Your dog begs to be let outside, immediately downs several mouthfuls of grass… and then promptly vomits it all up. Or maybe your dog is more of connoisseur, hunting for just the right blade to nosh on, with no side effects afterwards.
It’s a common behavior that baffles many dog owners. In fact, one survey found that grass is the most commonly eaten plant by dogs. But why do they do it?
Your dog eats every last morsel he can find under your dinner table after a meal, so why stop there? As natural scavengers, canines are programmed to search for nutrition anywhere they can find it. It’s possible that your dog finds the flavor or texture of grass yummy. Or it could be filling a nutritional need that his normal food isn’t, especially fiber.
Prevention: Some people find that the behavior stops after they switch to a high-fiber dog food. If you think this might be the case for your pup, consult with your veterinarian before making any changes to your dog’s diet.
In some cases, eating grass is just something to do to pass the time. He’s got the backyard to himself, but not much to do there. Are you providing regular exercise and mental challenges for your pup? Do you notice your dog eating more grass during times when you aren’t walking or playing with them as often?
Prevention: Sometimes the solution can be as simple as providing a chew toy as an alternative or dedicating yourself to providing a consistent exercise routine.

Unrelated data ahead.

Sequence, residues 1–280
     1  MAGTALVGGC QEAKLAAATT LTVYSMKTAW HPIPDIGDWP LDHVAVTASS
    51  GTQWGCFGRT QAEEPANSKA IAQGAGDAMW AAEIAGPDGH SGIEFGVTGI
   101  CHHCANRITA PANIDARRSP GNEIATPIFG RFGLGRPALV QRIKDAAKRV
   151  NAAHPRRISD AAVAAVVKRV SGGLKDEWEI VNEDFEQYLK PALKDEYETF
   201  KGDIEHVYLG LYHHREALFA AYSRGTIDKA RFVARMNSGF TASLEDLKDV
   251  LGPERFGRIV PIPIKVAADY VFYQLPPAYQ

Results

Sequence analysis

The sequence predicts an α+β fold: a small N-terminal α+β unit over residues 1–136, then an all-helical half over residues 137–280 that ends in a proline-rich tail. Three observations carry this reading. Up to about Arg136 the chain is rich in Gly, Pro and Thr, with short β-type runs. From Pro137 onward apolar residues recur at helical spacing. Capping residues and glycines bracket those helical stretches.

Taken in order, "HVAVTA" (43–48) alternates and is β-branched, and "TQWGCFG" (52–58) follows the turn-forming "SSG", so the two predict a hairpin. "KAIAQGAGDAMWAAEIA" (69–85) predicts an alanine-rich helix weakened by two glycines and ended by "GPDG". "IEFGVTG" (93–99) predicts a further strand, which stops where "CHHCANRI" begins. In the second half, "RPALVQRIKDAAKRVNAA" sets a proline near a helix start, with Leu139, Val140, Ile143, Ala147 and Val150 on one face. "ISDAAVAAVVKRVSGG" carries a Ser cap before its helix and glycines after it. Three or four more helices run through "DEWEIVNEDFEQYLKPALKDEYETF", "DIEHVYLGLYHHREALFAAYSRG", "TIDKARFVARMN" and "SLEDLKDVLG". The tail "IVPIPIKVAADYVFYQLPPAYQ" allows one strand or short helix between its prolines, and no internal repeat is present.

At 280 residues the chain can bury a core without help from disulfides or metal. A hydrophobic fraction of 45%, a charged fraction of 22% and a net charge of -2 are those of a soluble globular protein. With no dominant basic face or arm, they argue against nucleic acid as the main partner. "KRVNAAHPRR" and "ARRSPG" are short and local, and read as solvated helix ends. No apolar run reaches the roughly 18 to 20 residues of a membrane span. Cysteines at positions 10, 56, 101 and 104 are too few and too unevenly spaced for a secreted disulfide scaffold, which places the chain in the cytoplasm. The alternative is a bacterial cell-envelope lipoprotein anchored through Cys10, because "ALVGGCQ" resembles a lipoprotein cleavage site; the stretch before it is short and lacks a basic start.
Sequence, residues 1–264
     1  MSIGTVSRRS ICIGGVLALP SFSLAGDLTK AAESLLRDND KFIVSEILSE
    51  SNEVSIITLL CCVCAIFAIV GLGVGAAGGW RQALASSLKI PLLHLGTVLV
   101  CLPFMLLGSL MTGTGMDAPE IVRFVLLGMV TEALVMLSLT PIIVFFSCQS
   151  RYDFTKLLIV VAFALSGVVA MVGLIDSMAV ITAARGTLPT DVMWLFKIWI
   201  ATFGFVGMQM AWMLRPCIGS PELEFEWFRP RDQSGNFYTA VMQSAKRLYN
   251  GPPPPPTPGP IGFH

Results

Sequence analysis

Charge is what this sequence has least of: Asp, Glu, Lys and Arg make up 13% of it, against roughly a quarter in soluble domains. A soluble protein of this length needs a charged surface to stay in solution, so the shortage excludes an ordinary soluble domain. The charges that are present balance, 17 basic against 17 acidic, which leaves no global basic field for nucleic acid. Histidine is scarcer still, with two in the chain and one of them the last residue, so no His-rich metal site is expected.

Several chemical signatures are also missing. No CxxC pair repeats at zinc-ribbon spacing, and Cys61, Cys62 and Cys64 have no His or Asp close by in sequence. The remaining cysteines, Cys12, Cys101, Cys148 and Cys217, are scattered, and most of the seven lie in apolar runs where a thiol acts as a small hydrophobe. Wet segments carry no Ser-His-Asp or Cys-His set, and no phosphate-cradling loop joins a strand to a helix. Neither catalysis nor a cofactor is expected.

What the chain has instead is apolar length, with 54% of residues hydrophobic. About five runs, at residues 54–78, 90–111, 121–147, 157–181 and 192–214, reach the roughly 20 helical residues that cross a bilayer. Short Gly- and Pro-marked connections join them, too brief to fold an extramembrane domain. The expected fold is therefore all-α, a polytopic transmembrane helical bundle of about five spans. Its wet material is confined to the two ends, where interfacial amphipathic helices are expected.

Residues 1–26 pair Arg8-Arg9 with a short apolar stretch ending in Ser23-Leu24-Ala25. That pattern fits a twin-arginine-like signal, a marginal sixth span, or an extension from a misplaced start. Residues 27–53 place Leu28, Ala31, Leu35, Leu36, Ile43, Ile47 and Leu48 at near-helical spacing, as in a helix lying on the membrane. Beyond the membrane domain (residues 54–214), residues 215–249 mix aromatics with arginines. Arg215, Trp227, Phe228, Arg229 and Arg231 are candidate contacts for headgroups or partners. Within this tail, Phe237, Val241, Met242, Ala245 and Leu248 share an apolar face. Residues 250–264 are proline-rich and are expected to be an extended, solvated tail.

Some experts believe that grass is a form of self-medication. When your dog has tummy troubles, he turns to grass for relief. This is more likely if the behavior starts suddenly or if your dog is very anxious about needing to eat the grass, often extending his neck and making swallowing motions, and then vomiting afterwards. But most studies have found that this is actually quite rare — less than 25 percent of dogs vomit after eating grass and only 10 percent showed signs of illness beforehand.
Prevention: In some cases, the stomach distress can be a sign of something more serious, like gastric reflux or inflammatory bowel disease, so it’s worth calling your veterinarian for advice.
Still not sure?
Relax. Many veterinarians consider grass eating a normal dog behavior. While dogs don’t gain anything of real nutritional value from grass, it also may not hurt them — as long as there are no dangerous fertilizers, pesticides, or herbicides used on the grass itself.
You can help protect your grass eater by using only non-toxic products on your own lawn. When you’re out in public areas, keep an eye out for signs warning that chemicals have been used on the grass. You can also provide a safe alternative by growing a grass or herb garden specifically for him to snack on.
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